Kindle Fire 001
July 3, 2014

Amazon Resist FTC’s In-App Purchase Request

Peter Suciu for - Your Universe Online

On Wednesday the Wall Street Journal reported that is apparently standing its ground and could look to take on the Federal Trade Commission (FTC) over a request that the ecommerce retailer tighten its policies for purchases made by children when using mobile applications.

The paper reported that Amazon said in a letter to the FTC that it was prepared to "defend our approach in court." The retailer took this course of action as opposed to agreeing to potential fines, as well as additional recording keeping and disclosure agreements for the next 20 years according to documents that were reportedly reviewed by the WSJ.

Amazon has also called its parental controls on devices such as its Kindle Fire tablets to be "effective" and noted that the devices include "real-time notice" on all in-app purchases. These purchases could include new game levels, character upgrades in games, songs and other accessories.

The NextWeb published Amazon's letter from Andrew C. DeVore, vice present and assistant general counsel, to FTC Chairwoman Edith Ramirez in its entirety on Wednesday.

In the letter Mr. DeVore noted:

"The main claim in the draft complaint is that we failed to get customers' informed consent to in-app charges made by children and did not address that problem quickly or effectively enough in response to customer complaints. We have continuously improved our experience since launch, but even at launch, when customers told us their kids had made purchases they didn’t want we refunded those purchases. And as we have made clear from the outset of your inquiry, our experience at launch was responsible, customer focused, and lawful, including prominent notice of in-app purchasing, effective parental controls, real-time notice of every in-app purchase, and world-class customer service."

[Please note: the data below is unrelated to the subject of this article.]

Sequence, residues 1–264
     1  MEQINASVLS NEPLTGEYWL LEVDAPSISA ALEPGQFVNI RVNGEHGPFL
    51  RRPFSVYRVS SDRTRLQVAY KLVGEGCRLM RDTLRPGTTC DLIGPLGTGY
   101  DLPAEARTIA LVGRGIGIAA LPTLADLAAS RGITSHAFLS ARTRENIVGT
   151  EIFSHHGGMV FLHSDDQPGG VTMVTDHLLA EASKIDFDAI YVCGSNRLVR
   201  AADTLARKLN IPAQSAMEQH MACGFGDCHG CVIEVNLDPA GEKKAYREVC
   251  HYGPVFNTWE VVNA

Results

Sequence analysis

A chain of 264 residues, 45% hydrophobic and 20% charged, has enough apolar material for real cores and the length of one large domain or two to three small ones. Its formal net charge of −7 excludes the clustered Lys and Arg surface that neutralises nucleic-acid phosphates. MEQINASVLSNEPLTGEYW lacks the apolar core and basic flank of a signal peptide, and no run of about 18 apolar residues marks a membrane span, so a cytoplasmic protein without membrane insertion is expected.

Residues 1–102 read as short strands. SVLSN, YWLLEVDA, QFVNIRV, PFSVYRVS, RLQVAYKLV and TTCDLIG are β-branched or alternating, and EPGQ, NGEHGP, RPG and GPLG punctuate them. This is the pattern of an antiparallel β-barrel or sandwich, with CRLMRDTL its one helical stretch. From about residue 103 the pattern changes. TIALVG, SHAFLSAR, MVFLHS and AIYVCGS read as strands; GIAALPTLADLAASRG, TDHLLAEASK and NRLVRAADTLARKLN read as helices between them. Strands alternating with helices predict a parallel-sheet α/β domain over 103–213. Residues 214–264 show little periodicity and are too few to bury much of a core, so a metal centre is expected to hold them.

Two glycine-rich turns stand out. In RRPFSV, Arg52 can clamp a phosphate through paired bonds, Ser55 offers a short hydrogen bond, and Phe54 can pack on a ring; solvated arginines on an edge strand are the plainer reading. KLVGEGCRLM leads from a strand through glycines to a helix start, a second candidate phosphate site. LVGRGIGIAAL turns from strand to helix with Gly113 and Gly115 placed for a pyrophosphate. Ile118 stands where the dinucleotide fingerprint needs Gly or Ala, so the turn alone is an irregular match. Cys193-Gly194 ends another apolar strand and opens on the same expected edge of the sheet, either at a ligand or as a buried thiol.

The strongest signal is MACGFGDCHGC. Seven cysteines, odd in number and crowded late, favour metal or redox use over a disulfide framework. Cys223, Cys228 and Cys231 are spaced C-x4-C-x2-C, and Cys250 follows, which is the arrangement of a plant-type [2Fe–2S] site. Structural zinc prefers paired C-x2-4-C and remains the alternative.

DeVore added that in-app purchasing remains a new and "rapidly evolving segment," but stressed that Amazon has taken steps to improve the customer experience.

The issue at hand remains as many app stores, including those run by Amazon, Apple and Google, now feature applications that allow for users to make purchases within the actual app – and these can range in price from 99 cents to more than $100. App store owners typically can keep about 30 percent of these fees.

Amazon was not singled out by the FTC, which also named Apple in a complaint involving in-app purchases. This came as a result of complaints by parents that their children had made unauthorized purchases on smartphones and tablets.

In January of this year Apple agreed to a $32.5 million settlement with the FTC over in-app purchases. The company was required to refund the money to parents whose children racked up hefty tabs. Apple also settled a civil lawsuit over the same issue with the State of California last year.

"The commission is focused on ensuring that companies comply with the fundamental principal that consumers should not be made to pay for something they did not authorize," an FTC spokesman told the Wall Street Journal. "Consumers using mobile devices have the same long-established and fundamental consumer protections as they would anywhere else."

Analyst Rob Enderle of the Enderle Group agreed with the FTC's call for action.

"There need to be some rules and reasonable limits," Enderle told redOrbit. "It is way too easy to spend hundreds of dollars in a 'free' game that should cost under the old model under $20. If the app stores don't regulate this more aggressively then governments should and will step in and they'll lose customers. This last should drive reasonable moves to reign this in but isn't."


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